Never a political writer, however, Bukowski preferred to concentrate on what he knew best, drinking, women, the racetrack, love. In one of his two essays on poetry, Basic Training, he says he always endeavoured to hurl himself towards his “personal god: SIMPLICITY”. But it was sheer determinism that proved to be the sulphur in his blood, the superhuman resilience to incalculable personal and professional rejections. Bukowski would often say that it was, in fact, his father who made him a writer because he first became interested in literature as a means of escape from the harrowing reality of his early domestic life. “His literary style was forged in the crucible of his youthful anguish,” writes Calonne, “as he would learn to handle words as if they were fists, pounding back at the injustices he had endured.” This bravura would eventually evolve into “his characteristic sarcasm, tough guy persona and his combination of courtly style with rough house antics”. Calonne adds that Bukowski’s way of coping was by “rebelling, revolting against everything, with a bit of charming humour thrown into the mix.” Again, this would become a defining trait, running through his uberous canon, adding to it a touch of impertinence and wisecracking which is distinctly his own.

Bukowski started out with poetry, short fiction, essays and reviews but by the 1970s his champion and friend John Martin suggested he tackle a novel. “Bukowski took immediate action,” writes Calonne, “he sat before his typewriter each evening precisely at the time he used to begin work at the Post Office: 6:18”. A mere 19 days later he had finished a book, which was published on 8th February 1971. Post Office has been translated into over 15 languages and remains one of Bukowski’s most popular works. This is partly because it has wide-ranging themes, depicting everyday working class life in a distinctively “scatological, sexual and colloquial style,” which Bukowski fashioned after one of his literary heroes, Louis-Ferdinand Céline. It is also a work that clearly sprung from the vantage point of experience. “The book telescopes various periods of Bukowski’s life,” Calonne explains, “returning to the early 1950s, when he worked as a mail carrier; snarling dogs, sexual encounters with lonely women; the struggle to memorise postal codes.” It is not entirely clear, the biographer suggests, whether Martin approached Bukowski to write full time or vice versa but the leap toward a literary career came just at the right time as Bukowski’s absenteeism from work and association with underground newspapers had not gone unnoticed by his employers at the Post Office. In many respects, Bukowski’s writing was more auspicious or at least more constant than his personal life. Here too, Calonne has every angle covered, chronicling his subject’s romantic inconcinnities with objective sympathy.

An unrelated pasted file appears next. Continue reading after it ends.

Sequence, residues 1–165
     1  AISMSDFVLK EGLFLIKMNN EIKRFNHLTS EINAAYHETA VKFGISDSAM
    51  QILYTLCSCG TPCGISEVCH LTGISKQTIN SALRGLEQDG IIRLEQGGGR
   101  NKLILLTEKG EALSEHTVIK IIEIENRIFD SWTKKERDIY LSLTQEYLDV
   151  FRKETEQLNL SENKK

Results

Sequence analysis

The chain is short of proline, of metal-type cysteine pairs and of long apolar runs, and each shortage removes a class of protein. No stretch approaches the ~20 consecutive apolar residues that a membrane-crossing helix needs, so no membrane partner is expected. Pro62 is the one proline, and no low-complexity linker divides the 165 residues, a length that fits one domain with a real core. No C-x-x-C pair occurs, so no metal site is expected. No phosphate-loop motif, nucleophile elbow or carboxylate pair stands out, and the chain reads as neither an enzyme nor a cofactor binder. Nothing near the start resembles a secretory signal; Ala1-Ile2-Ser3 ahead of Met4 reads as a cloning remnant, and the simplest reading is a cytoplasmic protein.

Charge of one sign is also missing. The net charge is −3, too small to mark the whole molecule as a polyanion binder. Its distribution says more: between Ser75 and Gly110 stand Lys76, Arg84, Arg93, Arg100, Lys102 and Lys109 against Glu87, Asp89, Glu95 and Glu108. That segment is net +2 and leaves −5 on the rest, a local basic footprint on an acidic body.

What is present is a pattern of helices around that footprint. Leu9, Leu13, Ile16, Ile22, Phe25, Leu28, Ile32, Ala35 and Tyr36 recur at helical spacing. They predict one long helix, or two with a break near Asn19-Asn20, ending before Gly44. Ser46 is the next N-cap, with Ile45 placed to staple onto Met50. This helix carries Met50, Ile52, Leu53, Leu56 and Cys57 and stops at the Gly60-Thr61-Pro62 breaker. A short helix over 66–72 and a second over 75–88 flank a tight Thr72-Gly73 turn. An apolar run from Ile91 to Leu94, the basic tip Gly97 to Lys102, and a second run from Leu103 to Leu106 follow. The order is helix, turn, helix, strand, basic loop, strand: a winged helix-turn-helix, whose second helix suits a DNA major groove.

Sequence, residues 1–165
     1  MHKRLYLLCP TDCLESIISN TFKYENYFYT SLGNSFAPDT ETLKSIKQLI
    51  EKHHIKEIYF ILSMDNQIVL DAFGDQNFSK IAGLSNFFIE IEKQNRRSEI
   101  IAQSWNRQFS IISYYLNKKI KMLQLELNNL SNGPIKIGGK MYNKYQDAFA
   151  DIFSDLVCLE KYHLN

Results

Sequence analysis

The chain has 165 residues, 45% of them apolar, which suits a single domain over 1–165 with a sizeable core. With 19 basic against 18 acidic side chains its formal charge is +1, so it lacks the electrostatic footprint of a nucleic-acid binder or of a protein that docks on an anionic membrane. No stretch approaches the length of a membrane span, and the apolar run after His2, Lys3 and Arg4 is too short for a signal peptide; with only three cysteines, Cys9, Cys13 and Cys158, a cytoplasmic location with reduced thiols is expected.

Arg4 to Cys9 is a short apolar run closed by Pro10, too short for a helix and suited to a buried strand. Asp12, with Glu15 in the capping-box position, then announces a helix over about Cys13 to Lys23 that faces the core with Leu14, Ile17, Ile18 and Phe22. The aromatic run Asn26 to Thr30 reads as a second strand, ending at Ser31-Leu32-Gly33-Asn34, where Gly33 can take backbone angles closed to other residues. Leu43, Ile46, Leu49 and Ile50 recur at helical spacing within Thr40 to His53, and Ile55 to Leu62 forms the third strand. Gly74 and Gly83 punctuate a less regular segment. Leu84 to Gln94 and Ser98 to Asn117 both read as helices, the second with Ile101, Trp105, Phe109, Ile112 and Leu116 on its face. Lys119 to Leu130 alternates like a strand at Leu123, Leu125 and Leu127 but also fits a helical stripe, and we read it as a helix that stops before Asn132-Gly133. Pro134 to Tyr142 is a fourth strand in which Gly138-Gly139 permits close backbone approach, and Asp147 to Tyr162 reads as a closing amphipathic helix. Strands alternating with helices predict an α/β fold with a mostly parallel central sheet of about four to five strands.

Calonne’s book is meticulously researched and assembled from select excerpts of Bukowski’s saporous letters, poems, novels and other elements of autobiography he left behind. The biographer has extensive knowledge of his subject and beyond, which he uses to construct multiple interpretative frameworks to present Bukowski’s work, his dualistic German/American identity and his place in today’s literary landscape. Unrefined, voluble and ventripotent, with  “beer-maddened” breath, coarse canescent hair, speck-brown eyes and a face like a cribriform plate, due to severe adolescent acne, Bukowski was never a typical man of letters. But by his fortieth year, says Calonne, he “had found his genius and marked out his literary territory,” and thus “the terror of existence” became him subject Literature for Bukowski was always directly related to “his own experience of living” and in a way it led to his innovative and idiosyncratic style. “It is a miswriting of literary history, for example,” says Calonne, “that the ‘Confessional poets’ –  Robert Lowell, John Berryman, Sylvia Plath, Theodore Roethke, Anne Sexton – are given sole credit for the invention of a new mode of self-revelation, which dealt with the most intimate, hidden and painful aspect of the psyche, when actually Bukowski was doing this form the outset.” Calonne is clearly passionate about his subject and it shows as the book comes wonderfully together to illustrate a man’s life through the biographer’s lens of skill, humour and insight.

Publisher: Reaktion Books 
Publication Date: August 2012
Paperback: 224 pages, 30 illustrations
ISBN: 9781780230238

Steve Finbow: Resolutely straight-shooting

Writing in Some Thoughts Concerning Education John Locke observed that the “little or almost insensible impressions on our tender infancies have important and lasting consequences”.  This axiom not only defined but also shaped Allen Ginsberg’s life; a life Steve Finbow examines in his astute new biography. “Madness, poetry, politics and a longing for love – important elements of Allan’s childhood,” writes Finbow, “obsessed him throughout his life and became the subject matter of his greatest poems, Howl and Kadish.”  The long line poems “challenging societal status quo” made the poet’s “private world public” which to Ginsberg meant the very pinnacle of creative achievement. But even for someone like him, someone who appeared so saliently a poet, it took several decades to find the courage to unveil his true voice. The biographer, in writing about these formative years, cites a number of Ginsberg’s early works to illustrate his restraint and reticence. Juxtaposed against his later poems they seem disparate, timorous and coy much like Ginsberg himself at the time. Finbow suggests that Ginsberg’s “ sexual passivity and masochism, his guilt about his mother’s lobotomy and his continuing incestuous fantasies and dreams about his father and his brother caused Allen to theorize that his homosexuality was a sign of insanity.” To counteract this anxiety Ginsberg sought therapy, attempted to become heterosexual and tried to abandon his fledgling literary ambitions, but his efforts to conform only made life more difficult.